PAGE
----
At the same time, you’re less likely to have success when dealing with dating/hook-up apps like Grindr or Tinder. Speaking of the offline dating mindset: you’re going to have to accept that online dating is even more of a numbers game than dating in IRL or meatspace or whatever the cool kids are calling “the world” these days.
This means sending out more cold e-mails, dealing with more rejections and more dates that go nowhere. It’s part of the price of entry, and it’s better that adjust your expectations accordingly instead of dealing with the slow burn of “WHY WON’T THE MAGICAL BOX PROVIDE ME WITH SEX?
Many people treat online dating as though they were talking to somebody in a bar.
In the physical world, unless you’re Jack Harkness, flirting with several different people simultaneously is a major faux-pas and likely to leave you going home alone – possibly wearing several drinks.
This is a mistake – and one that makes online dating considerably more inefficient and tedious. Some of the oldest and most boring cliches of online dating are the people who just say that they’re some attractive quality… Saying that you’re funny or spontaneous or romantic is the dating site equivalent of “I listen to a little bit of everything except country and rap.” It’s so generic as to mean nothing.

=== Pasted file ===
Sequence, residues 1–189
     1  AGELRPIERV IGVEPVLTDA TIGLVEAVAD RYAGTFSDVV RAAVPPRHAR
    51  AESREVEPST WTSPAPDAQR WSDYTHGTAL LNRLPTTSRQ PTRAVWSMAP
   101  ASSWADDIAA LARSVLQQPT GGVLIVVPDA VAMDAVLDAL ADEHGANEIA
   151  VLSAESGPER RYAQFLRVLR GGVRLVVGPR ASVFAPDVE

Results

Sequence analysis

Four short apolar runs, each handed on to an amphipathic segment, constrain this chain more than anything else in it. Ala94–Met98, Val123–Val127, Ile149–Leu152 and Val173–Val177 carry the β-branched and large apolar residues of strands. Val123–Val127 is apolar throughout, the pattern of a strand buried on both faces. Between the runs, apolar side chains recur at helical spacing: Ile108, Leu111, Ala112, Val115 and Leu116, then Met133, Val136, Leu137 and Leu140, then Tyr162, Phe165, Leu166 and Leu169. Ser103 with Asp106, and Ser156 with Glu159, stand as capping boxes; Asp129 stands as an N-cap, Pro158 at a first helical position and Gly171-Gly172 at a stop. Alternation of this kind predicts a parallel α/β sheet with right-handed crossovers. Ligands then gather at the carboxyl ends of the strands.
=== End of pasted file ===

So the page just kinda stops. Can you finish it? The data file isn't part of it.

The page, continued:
We’re able to process all of these signals so rapidly that we’re often unaware of it; to our conscious mind, we’re just eliding over the ones who we read as “nope, not interested” while we narrow our focus on the people who do it for us.
All of this subconscious presentation and filtering is lost in online dating; all we have are our words and our photos, so we have to consider how to craft as attractive a snapshot of ourselves as possible.
To start with, you have to rethink the way that you present yourself.
Studies show that between 75% to 93% of communication is non-verbal.
When we meet somebody in person, we have hundreds of thousands of verbal and non-verbal clues to give us an intuitive grasp of who we’re talking to and whether or not we’re into them long before we go up and introduce ourselves.